PHILADELPHIA (CBS) — It’s back to the classroom for more students. In-person learning expands in the Philadelphia School District.

This latest milestone is happening after a lot of hard work by teachers, parents and administrators.

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This is the day Philadelphia School District Superintendent Dr. William Hite has been waiting for — a day that children are back inside classrooms resuming some sense of normalcy after a year like none other.

“Seeing them come back into buildings and hearing the stories of those young children and their families and how so critically important it was to get young people back into schools,” he said.

The school district began reopening schools two weeks ago to pre-kindergarten through second-grade students for hybrid learning. They’re seeing more and more parents who want that option.

“We’ve also reopened the selection process for those who chose to remain digital,” Dr. Hite said.

Eyewitness News sat down with Dr. Hite at Greenfield Elementary School, in his first in-person one-on-one interview since the pandemic.

The district’s weekly rollout of school reopenings will continue with 35 more schools opening next week and as many as 9,000 students in schools by March 22.

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The school district has already opened nearly 100 school buildings to pre-k to second-grade students with the intention of expanding to more grades before the end of the school year.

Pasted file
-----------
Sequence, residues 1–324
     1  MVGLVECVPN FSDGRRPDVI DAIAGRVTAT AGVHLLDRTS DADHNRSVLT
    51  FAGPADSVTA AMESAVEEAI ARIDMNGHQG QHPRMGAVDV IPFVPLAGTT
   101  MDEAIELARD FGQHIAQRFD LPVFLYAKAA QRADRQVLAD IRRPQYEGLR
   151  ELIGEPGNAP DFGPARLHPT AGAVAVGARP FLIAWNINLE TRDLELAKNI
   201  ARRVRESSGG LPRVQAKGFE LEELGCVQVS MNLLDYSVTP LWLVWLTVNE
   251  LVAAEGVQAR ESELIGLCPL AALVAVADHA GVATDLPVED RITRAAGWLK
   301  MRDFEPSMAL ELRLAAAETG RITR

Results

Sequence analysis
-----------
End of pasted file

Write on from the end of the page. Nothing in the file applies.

“We’re also looking to expand the grades, particularly at the elementary level, and we hope to expand to middle school,” said Dr. Hite.

An extensive summer school program will also be in place in schools around the city. The pandemic and the digital learning setting have created a glaring gap in learning for many students across the board.

“We normally see a gap or reduction over the summer, we call it the summer slide. It’s about six points, if you will. But this year, that gap has increased to about 16 points.,” said Dr. Hite.

Rising gun violence among young people in Philadelphia is another potential ripple effect of shuttered schools.

“Schools we serve more of a purpose than just educating children on the literacy and math. It’s also where we deal with social and emotional types of issues.,” Dr. Hite said.

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More than half of teachers and staff have already gotten vaccines, moving the district one step closer to a full reopening in the fall.